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Lethbridge Herald Newspaper Archives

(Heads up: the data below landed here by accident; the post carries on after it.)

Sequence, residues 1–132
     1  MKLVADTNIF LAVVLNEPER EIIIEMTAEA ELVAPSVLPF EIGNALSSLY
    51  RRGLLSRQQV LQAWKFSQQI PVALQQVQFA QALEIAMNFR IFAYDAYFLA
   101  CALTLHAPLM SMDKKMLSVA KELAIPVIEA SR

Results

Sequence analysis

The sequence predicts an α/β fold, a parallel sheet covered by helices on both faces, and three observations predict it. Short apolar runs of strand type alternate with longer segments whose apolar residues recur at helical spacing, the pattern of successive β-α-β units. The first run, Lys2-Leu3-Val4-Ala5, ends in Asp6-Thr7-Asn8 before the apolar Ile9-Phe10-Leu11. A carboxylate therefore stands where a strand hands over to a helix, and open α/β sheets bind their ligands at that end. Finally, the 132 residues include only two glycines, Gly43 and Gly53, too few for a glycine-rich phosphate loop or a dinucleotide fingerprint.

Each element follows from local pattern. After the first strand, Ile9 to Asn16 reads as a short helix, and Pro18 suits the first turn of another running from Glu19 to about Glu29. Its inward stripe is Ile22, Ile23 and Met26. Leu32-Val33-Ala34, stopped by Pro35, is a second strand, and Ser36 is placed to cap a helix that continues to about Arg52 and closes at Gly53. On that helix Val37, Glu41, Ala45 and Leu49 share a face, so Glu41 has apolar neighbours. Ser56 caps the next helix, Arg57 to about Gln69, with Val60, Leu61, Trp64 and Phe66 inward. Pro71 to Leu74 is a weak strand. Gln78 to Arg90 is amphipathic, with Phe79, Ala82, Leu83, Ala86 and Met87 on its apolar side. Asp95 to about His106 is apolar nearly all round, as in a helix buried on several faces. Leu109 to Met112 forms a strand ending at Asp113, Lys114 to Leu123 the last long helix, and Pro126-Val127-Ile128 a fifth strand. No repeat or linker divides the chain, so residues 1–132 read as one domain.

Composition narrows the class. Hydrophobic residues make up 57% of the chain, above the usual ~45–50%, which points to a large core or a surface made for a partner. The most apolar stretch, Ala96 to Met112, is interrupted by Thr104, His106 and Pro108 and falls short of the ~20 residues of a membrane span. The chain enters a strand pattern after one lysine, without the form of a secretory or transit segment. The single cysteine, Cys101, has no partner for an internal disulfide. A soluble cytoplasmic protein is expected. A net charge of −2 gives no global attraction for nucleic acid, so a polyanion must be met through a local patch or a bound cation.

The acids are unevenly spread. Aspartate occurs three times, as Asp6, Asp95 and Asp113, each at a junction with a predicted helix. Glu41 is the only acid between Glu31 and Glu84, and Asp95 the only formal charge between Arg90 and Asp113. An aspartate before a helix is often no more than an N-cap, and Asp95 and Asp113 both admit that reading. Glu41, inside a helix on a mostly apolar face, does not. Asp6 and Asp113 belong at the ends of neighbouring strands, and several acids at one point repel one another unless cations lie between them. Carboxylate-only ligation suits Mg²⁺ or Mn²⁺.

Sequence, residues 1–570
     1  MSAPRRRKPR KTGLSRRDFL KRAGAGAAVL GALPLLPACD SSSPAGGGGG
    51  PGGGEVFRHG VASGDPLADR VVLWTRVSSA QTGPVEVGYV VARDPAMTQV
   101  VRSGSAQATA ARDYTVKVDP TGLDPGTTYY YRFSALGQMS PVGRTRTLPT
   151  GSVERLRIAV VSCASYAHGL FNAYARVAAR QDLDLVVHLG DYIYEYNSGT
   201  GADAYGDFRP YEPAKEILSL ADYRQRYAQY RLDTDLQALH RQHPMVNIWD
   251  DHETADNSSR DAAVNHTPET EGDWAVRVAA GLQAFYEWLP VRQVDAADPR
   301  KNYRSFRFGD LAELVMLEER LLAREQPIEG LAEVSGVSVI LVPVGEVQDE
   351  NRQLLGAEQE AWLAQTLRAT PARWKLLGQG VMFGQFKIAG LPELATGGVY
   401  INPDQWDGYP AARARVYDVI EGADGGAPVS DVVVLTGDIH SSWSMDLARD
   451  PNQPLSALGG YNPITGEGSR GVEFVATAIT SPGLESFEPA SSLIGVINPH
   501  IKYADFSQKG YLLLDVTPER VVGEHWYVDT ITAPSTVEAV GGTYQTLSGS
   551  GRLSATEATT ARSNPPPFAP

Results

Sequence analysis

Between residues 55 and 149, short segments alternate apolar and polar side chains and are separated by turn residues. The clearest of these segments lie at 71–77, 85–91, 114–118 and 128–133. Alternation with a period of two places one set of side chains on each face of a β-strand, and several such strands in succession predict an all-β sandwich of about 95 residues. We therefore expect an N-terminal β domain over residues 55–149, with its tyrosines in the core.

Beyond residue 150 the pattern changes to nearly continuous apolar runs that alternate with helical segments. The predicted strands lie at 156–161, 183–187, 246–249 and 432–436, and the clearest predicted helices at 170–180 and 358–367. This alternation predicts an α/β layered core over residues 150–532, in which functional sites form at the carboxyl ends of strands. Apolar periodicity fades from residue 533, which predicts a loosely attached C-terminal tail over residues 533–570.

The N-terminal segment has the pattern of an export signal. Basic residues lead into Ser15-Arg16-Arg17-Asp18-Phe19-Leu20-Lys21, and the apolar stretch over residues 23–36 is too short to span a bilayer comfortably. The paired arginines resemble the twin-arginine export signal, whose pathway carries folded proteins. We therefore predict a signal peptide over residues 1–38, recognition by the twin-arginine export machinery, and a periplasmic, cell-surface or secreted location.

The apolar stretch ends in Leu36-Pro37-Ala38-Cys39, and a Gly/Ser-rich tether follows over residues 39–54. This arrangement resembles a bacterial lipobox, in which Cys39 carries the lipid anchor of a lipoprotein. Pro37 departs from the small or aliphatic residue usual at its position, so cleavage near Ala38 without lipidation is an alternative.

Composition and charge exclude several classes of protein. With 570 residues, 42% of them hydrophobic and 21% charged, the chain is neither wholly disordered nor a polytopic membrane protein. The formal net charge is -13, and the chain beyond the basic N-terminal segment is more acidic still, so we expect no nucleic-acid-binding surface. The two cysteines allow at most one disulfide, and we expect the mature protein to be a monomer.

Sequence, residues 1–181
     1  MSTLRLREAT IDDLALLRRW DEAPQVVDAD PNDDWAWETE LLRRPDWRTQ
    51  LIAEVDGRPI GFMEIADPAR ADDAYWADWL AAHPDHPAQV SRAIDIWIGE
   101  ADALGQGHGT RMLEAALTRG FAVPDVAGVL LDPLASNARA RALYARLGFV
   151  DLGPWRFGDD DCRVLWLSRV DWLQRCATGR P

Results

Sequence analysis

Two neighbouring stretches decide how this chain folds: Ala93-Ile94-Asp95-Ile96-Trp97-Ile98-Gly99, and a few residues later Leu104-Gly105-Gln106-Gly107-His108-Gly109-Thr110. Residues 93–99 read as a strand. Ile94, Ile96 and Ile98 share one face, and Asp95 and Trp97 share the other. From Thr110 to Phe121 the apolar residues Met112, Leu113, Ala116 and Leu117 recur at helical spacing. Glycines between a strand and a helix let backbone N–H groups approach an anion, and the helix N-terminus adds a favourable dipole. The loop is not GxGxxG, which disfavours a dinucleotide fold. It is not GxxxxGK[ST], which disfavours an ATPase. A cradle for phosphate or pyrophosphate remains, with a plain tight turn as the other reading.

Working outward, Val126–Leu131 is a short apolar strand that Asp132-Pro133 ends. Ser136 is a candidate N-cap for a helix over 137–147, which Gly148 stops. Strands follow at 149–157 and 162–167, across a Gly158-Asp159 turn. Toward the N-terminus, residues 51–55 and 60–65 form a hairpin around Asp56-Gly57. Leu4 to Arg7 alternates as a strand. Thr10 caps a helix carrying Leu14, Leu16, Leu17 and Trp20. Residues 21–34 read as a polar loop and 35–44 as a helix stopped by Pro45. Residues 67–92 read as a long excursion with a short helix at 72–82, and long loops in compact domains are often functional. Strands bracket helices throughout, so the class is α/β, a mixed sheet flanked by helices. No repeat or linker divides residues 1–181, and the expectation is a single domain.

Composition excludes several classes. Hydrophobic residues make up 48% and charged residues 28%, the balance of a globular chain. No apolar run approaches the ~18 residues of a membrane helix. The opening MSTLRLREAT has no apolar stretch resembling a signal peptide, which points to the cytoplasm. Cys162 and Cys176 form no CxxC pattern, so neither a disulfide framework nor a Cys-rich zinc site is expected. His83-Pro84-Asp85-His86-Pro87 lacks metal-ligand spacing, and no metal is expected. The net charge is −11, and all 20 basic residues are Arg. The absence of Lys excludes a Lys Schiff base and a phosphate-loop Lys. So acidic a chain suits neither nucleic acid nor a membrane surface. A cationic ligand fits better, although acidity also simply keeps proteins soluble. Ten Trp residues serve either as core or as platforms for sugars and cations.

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Lethbridge Herald (Newspaper) - January 17, 1974, Lethbridge, Alberta 6-THE LETHBRIDQE HERALD - Thursday, January 17, 1974 Singer Anne Murray plans change to more hip songs By MARY CAMPBELL AP Newsfeatnres Writer Anne Murray is in Uie process of changing from a girl next-door and singer of country and middle-of-tiie-road songs to sometiiing a little more hip. The Canadian singer would lilte to play to the kind of college audiences that Kris Kris-tofferson does and sing that kind of modem country, with freedom to mix in other styles. The present impression listeners have of her was created by two years with Glen Campbell on TV, some duet personal appearances and a duet album with him. "Last summer Glen asked me to go out on the road with him," she said. "I explained I can only ride on his coat-tails so long. I have to do my own thing. "I have my own band. We have to go out and do it, play clubs that are semi-hip, colleges and small halls that seat no more than 3,000 so you can put in a good sound system and people get their money's worth." HALL IMPORTANT There have been some mistakes. "I played Greensboro, N.C., in a place that seated 17,000. They told me it would be 6,000. Only 1,700 showed up. I found out later there was a 2,500-seat auditorium right next door which would have been perfect. That's the kind of thing you go through. "The guys in the band have stuck with me three years. The money hasn't been great. There are seven guys. They have faith that one day it is really going to happen if we continue not to compromise ourselves. Even if it doesn't, we are having a good time now, living day by day and counting our blessings." Miss Murray has one gold single. Snowbird. The single of Danny's Song sold 850,000. "The important thing is to get into the top 10, which that was. I don't need any more gold records; I've got one. Some people want to line their walls with them. Who needs that?" There was talk when Snowbird came out that it was a drug song. "With the image I'm trying to portray, maybe I should say that it is. But I know it is not a drug song. "Gene MacLellan was walking along a beach on Prince Edward Island in late fall. He saw snowbirds-snow buntings, round white, birds-on the beach. ANNE MURRAY "It conjured up a whole image to him. Gene had been in love a few times and thrown over. That is what the song is all about." The P.E.I, song-writer came up with another hit for Ocean with Put Your Hand in the Hand. "I was the first to record it. It was supposed to be my follow-up to Snowbird. But the powers that be didn't think it sounded like me. They had no idea what I sounded like. We wanted it to be the next single. They didn't. Another mistake. Born in Springhill, N.S,, Miss Murray taught physical education for a year on Prince Edward Island. "The summer of 1966, I auditioned for a TV show out of Halifax, a network show, a summer replacement. I had to make some money to buy a car. I sang mainly in the chorus. It had started in the late 1950s as a sing-along show. "By the time I got to it, it was into the folk rock thing, country too, variety with group singing. I got to do one solo and one duet. They were calling me to come over to Hear more clearly without irritating background noise. Zenith's new Directional Hearing Aid. If you find that much of the sound you hear is harsh, irritating noise, then our new Directional hearing aid, the "Royal D" could be just right for you. This comfortable aid brings you clear, rich sound at a pleasant level as it softens and reduces harsh unwanted background noise from the side and rear. Come in for a demonstration of the "Royal D" or any other aid from Zenith's line of more than 20 quality aids at no cost or obligation. Batteries for all makes of hearing aids. The quality goes in before the name goes on. LEISTER'S MUSIC LTD. ... Helping the hard of hearing since 1943 Paramount Thaatra BIdg. Phona 328-4080 715 - 4lh Avanua 8. 327-2272 Halifax and do TV shows. "The second year I had to make a decision whether to go back to teaching or give show business a try. They had a TV show I could do all year. "Show business seemed very insecure; teaching, you get your cheque every two weeks. I decided to give myself a year. "I got a little bored that year; the show was just horrible. The next summer I did the replacement show again. In the fall I decided to get out and learn something about clubs and concerts on the East Coast of Canada. "I got packed houses; people knew I was a Maritimer. I recorded an album on a budget Canadian label in 1968. It sold pretty well in the Maritime provinces." Recognition came gradually. "I started getting the odd call from Toronto to do national TV shows. In 1%9 I decided to find a record company with an association in the United SUtes. "Brian Akena, the original musical director of the summer TV show, had starved for two years in Toronto and tried to become a record producer. He and I went around to all the record companies. "He told me to remember I was the best singer in the world and he was the best producer, so we weren't going to be taken advantage of. They all said they'd give us $3,000 and have complete charge of production. "We walked into Capitol and by this time we were really getting heavy. We almost believe we were as good as we said. Paul White there told us, anything we want. "We did the Snowbird album. It cost $18,000. When they saw the bill they weren't happy but within eight months they were very happy." WONT LEAVE CANADA She still lives in Toronto although her first manager wanted her to move to Los Angeles. "I'm sure I'd be more of a success than I am because I'd be in the thick of things. But I'm not very much of a show business person. I refused to move and I will always refuse, I think." She parted amicably from that manager and now has Shep Gordon, who also manages Alice Cooper. Miss Murray love's to swim and her idea of an ideal vacation is on a Maritime shore, swimming, running and throwing a Frisbee. She is unmarried. "I haven't had enough time to get that kind of th ng together. Trying to get the rest of it together is taking enough of my time-and it's taking long enough." MISSILES NOT STOLEN BRUSSELS (Reuter) -NATO has denied reports that ground-to-air missiles were stolen from some of its military bases. Reports Wednesday said a number of missiles had disappeared from military bases in NATO territory. The report triggered a general alert by security forces in Western Europe. Bring your boards and come for the room. Room to ski - your choice of 3 magnificent ski areas. Room to play - apres-ski fun In beautiful Banff. Ski-week packages start at $70 - three ski areas for the price of one. You get a minimum of five nights accommodation beginning Sunday, five days lifts and five bus-transfers from Banff to ski areas:  $IM�aiC VUM  MNM HORQIMV  IME LOIMI Our snow comes early, stays late. Likewise our apres-ski. Enjoy it all with a ski-week - now, or iaterl But make your plans early! Clip this coupon and we'll send you complete ski-week package information. Or check with your travel agent or Greyhound bus agent. Please send me your ski-week package LH-6 _ information. � NAME ................................. g ADDRESS .............................. _ CITY...............PROV............... * Send to: Banff/Lake Louise Ski Week ' Box 1298 � Banff, Alberta � U.S. governor quits podium The winner Louise Hamel of Longeuil, Que., won first prize of $500 at Entr'acte competition for her woven mask entitled La Dame Blanche. Entr'acte, a show of Canadian crafts with a theatrical theme, was viewed by thousands during its two-month engagement at the O'Keefe Centre. The show will play six more Canadian cities before closing in Fredericton in the spring of 1975. Ads supporting the arts give businessmen value By JAMES NELSON TORONTO (CP) - Canadian businessmen are finding there is good advertising and public relations value in supporting the arts, says the businessman-president of the National Ballet of Canada. I. H. (Jock) McLeod, a partner in the management consultant firm of McKinsie and Co., said some firms are finding expenditures on the arts more productive than, say, on amateur or professional sport. Moreover, they have been awakened to the danger that if they don't support the arts, the big theatre and music companies will either fold up, or become state-run agencies with the costs borne by higher taxes. The recent danger of collapse of the Montreal Symphony heightened this feeling. "There is genuine value in getting behind the arts; it's an idea whose time has come," Photographer regarded as ^snow man^ BANFF, Alta. (CP) -Bruno Engler has become known in this Rocky Mountain ski area as the "snow man" and his "powers" are highly regarded by the local Chamber of Commerce. The Banff photographer first gained notoriety in the town a few years ago when the manager of a ski resort refused him a pass on the chairlift. Somewhat miffed, Mr. Engler told the manager, "okay, no ticket, no snow," and proceeded to perform an anti-snow dance. By February, grass was growing on the slopes and skiers were heading for whiter pastures. This year, the Banff Chamber of Commerce, faced with two snowless months and post-Christmas doldrums, sought Mr. Engler's more positive services. A torch-light ski parade was organized last Thursday after which Mr. Engler, dressed in abominable snowman garb topped by an 18th century Swiss mask of the evil spirit of winter, snow and wind, performed his "snow dance" twice for good measure. The white fluff upon which the town's winter livelihood depends began falling Saturday and stopped 48 hours and 38 inches later. BLAME ENERGY CRISIS WASHINGTON (AP) - The labor department reports an increase in the number of unemployed workers who blamed the energy crisis for the loss of their jobs. Workers filing for unemployment insurance benefits for the week ended Dec. 29 totalled 460,400 and included 64,000 who said they lost their jobs because of the fuel shortage. said Mr. McLeod. Andre Fortier, director of the Canada Council, warned in an interview last fall that if there isn't more private and business support of the arts, the government will have to take over. BUSINESS RESPONDS Mr. McLeod said the initial reaction of businessmen to this was: "He's got to be kidding." But the message was getting through and businessmen did not like government direction in any field. "There have been several developments," Mr. McLeod said. "First, Mr. ForUer's initiative. Then, the fact that many companies are finding that what have been thought attractive vehicles for advertising-such as sports-are not quite so attractive or are getting costly. "And there is also the reorientation of society towards less tangible, more attitudinal things-the environment, culture. The net result is a much greater responsiveness of business to the arts." IBM Canada sponsored a Western Canada tour by the National Ballet, in which the dancers played to almost 42,-500 people in five cities. For $30,000, IBM got a doublepage spread in each printed program, mention in all advertising and handbills, free seats for company or customer VIPs at opening nights' and personal appearances of ballet stars at IBM dinners or receptions. BOOSTED REVENUE The $30,000 enabled the National to tour in financial comfort. It came off the tour with $7,000 more revenue than it had expected. The Toronto Symphony for several years has recruited corporate sponsors for its winter concert series in Mas-sey Hall. The Canadian Opera Company has had corporate sponsorship for some new productions. ' Two cigarette firms-Du Maurier and Rothmans-advertise heavily in theatre programs. Du Maurier also helps finance major theatre projects and Rothmans sponsors souvenir programs with revenues going to the performing companies. Imperial Oil and Ford of Canada sponsored the National Ballet's performances last summer at Ontario Place on the Toronto waterfront. Ballet performances in Hamilton, Ont., have been sponsored by Dofasco and Hamilton Spectator. Mr. McLeod said arts organizations cannot sit back and wait for corporate money. MUST SELL PRODUCT "They have tended to fault business for not providing support. While it is true business has not provided much, it is also true that the arts have taken remarkably few initiatives to market their product. "They have taken the view that here we are, inherently good and true and pure, and business should give us something to keep us going. "They haven't done enough to make the business community aware of their needs, and to do so on some sort of a basis in which there is a quid pro quo. That's the whole thrust of sponsorship-not just going oiit with your hand out and saying, please fill it up. "Any arts organization in Canada today that has a good product and does a good marketing job can get business support." TV highlights THURSDAY MOVIE MUSICAL: "Camelot," Part 1, 6 p.m., Ch. 7. An eye-filling version of the Broadway hit about King Arthur, Queen Guenevere and Sir Lancelot. Part II will be seen at 9 p.m. MYSTERY MOVIE: Columbo, 6:30 p.m., Ch. 13. Mickey Spilanne returns to acting in this drama of a ruthless publisher who orders the slaying of his best-selling author. CRIME DRAMA: Ironside, 8 p.m., Ch. 13. Ironside is tracking down a music pirate when the group's guitorist is electrocuted. DRAMA: Rung Fu, 9 p.m., Ch. 13. Caine discovers the body of a dead man and finds himself accused of the murder by the same people who will not believe the man is dead. CRIME DRAMA: Streets of Sail Francisco, 10 p.m., Ch. 13. A psychic has been helping the police with a kidnap case and so far her visions have batted a thousand. Skeptic Mike Stone has to admit that she's good. MOVIE THRILLER: "Cry of the Banshee," 12 midnight, Ch. 7. A 16th century English Lord goes on a rampage to rid the countryside of witehes and the chief sorceress puts a death hex on the Lord and his heirs. FRIDAY MOVIE ADVENTURE: "River of Gold," 1 p.m., Ch. 13. Two young adventurers hunt for underwater treasure in Acapulco. ATLANTA, Ga. (AP) - The Georgia senate adopted a resolution todav commemorating the late Dr. Martin Lutiier King Jr., but not before Lt.-Gov. Lester Maddox left the podium. The resolution praised the slain civil rights leader ai "America's foremost advocate of the philosophy of nonviolence." Before the resolution was presented, Maddox turned the gavel over to the senate president. CANADA DRY'S RADIO and TV LISTINGS ,no lister) hy the R.tiiio ,in(i Television ions Any in progi.ini srhodule is due to i^sl nnnule rh.inges hy the stations ,ind is not the resfion sihility ol Chinook Bevernges limited or The l.eth h r I d q e H e r, 11 d MONDAY thru FRIDAY 6:00 Buryl Clarke 6:50 Farm News 7:30 News 9:00 Checkline 10:00 Walt Edwards 12:00 John Oliver 12:15 Farm News 12:30 News 12:40 Sports 1:00 Grain Prices 1:01 Call of the Land 3:00 Jack Neufeld 5:00 News 7:00 Paul Tessier 12:00 Roy Renniok ejoc THURSDAY NIQHT 5:00 Probe 1220 5:25 Sports 5:40 Market Report 5:40 Local News 6:00 World at 6:00 6:35 Jim Parsons Show 8:00 John Charles Show 12:30 Kevin McKenna Show FRIDAY 6:05 Jack Thys Show 7:50 News, Wthr, Sport 8:35 Phone Bill Show 10:05 Gord Whitehead 11:00 Jack Thys 12:00 Hour of Information 1:00 News and Grain Prices 1:05 Gord Whitehead 3:05 Jim Parsons eHIC.PM 100.9 ? X MONDAY thru FRIDAY 6 a.m.-12 noon Don McMaster 12 noon-6 p.m. Dell-0 6 p.m. - 10 p.m. Don Hedman 10 p.m.-12 midnight Concerts, Overtures and Encores (Bob Concie) SATURDAY 6 a.m.-12 noon Don McMaster THURSDAY NIOHT 6:00 World at Six 6:30 As It Happens 8:03 Themes and Variations 10:00 News, Weather, Sports 10:10 From The Capitals 10:15 Five Nights a Week 10:30 Our Friend the Flickers 11:03 Inner Ear FRIDAY 5:30 Warm-up to Calgary Eye Opener 12 noon-6 p.m. Don Hedman 6 p,m.-1 a.m. Dell-O SUNDAYS 6 a.m.-l p.m. Concerts, Overtures and Encores (Bob Concie) 1-2 p.m. The Gashaus (German program) 6 p.m.-12 Midnight Concerts, Overtures (Bob Concie) can 6:05 8:00 8:10 9:00 9:13 12:03 1:55 2:03 2:30 3:30 4:00 4:05 6:00 Eye Opener World at Eight Eye Opener World at Nine This Country Radio Noon Stockmarket School Broadcast Off the Record Max Ferguson BBC News Home Run World at Six ONLY Special fLUS DEP. * Canada Dry * Lo-CalAla * Tahiti Treat * Wink at all participating Deaiera! CJOC>TV Channai 7 (Cablavlalen Ch. 0) 5:00 5:30 6:00 8:00 9:00 10:30 11:00 11:20 12:00 6:00 6:30 7:00 7:15 THURSDAY NIQHT Hollywood Squares News Movie: Camelot (Part 1) Carol Burnett Movie: Camelot (Part 2) Maude News P.M. Movie: Cry of the Banshee FRIDAY Pinnochio Secrets of the Kitchen Farm and City Wizard of Oz 7:30 Mon Ami/Friendly Giant 8:00 Uncle Bobby 8:30 Ed Allen 9:00 Interchange 9:30 New Horizons 10.00 Canadian Schools 10:30 Mr. Dress Up 11:00 Sesame Street 12:00 Dale Harney 12:30 Truth or Consequences 1:00 Let's Make A Deal 1:30 General Hospital 2:00 Our Town 3:00 Take 30 3:30 Edge of Night 4:00 Family Court 4:30 Drop In 5:00 Hollywood Squares ePCN-TV Uthbridga Channai 13 (Cabiavlslon Ch. 4|, THURSDAY NIOHT 4:00 Anything You Can Do 4:30 Mod Squad 5:30 Get Smart 5:55 News 6:30 Mystery Movie: Colombo 8:00 Ironside 9.00 Kung Fu 10:00 Streets of San Francisco 11:00 News 11:20 News 12:00 Merv Griffin FRIDAY 5:55 Thought for Day 6:00 university of Air 6:30 Yoga 7:00 Canada A.M. 8:30 Romper Room 9:00 This Week 9:15 Parlons Francals 9:30 Polka Dot Door 10:00 Lifestyle 10:30 Pay Cards 11:00 Fred Davis Show 11:30 Beat the Clock 12:00 Buckshot 12:30 Flintstones 1:00 Movie: River of Gold 2:30 Somerset 3:00 Another World 3:30 What's the Goood Word? 4:00 Anything You Can Do 4:30 Mod.Squad 5:30 Doctor In the House 5:55 News KRTV Qraat Palls Channai 3 (CaMavlalen Ch. 0) THURSDAY NIOHT 4:00 Joker's Wild 4:30 News 5:00 News 5:30 News 6:00 The Waltons 7:00 Movie: Terror at 37,000 Feet 8:30 T.B.A. 9:00 Ironside 10:00 News 10:30 Tonight Show FRIDAY 5:15 Understanding Our World 5:45 Salute Agriculture 6:00 Today Show 7:00 Today In H/lontana 7:30 Pyramid 8:00 Gambit 8:30 Hollywood Squares 9:00 Bank-O 9:30 Jeopardy 9:55 News 10:00 Price is Right 10:30 As The World Turns 11:00 Days of Our Lives 11:30 The Doctors 12:00 Another World 12:30 New Match Game 1:00 Secret Storm 1:30 Mike Douglas Show 3:00 Joker's Wild 3:30 News 4:00 News KPra Oraat Palls Channai 8 fCaMavision Ch. 11!' THURSDAY NIOHT 6:00 Chopper One 6:30 Firehouse 7:00 Kung hu 8:00 Streets of San Francisco 9:00 TV-5 News 9:30 Movie: Hammerhead FRIDAY 5:55 Farm News 6:00 Captain Kangaroo 7:00 News 8:00 Audrey 8:30 Jack LaLanne 9:00 Young and the Restless 9:30 10:00 10:30 11:00 11:30 12:00 12:30 1:00 1:30 2:00 2:30 3:00 3:30 4:00 4:30 5:30 Search for Tommorrow All My Children Let's Make A Deal Newlywed Game News-General Hospital One Life to Live Lovo American Style Wizard of Odds Three on a Match Girl In My Life Spilt Second Brady Bunch Password News Truth or Consequences ;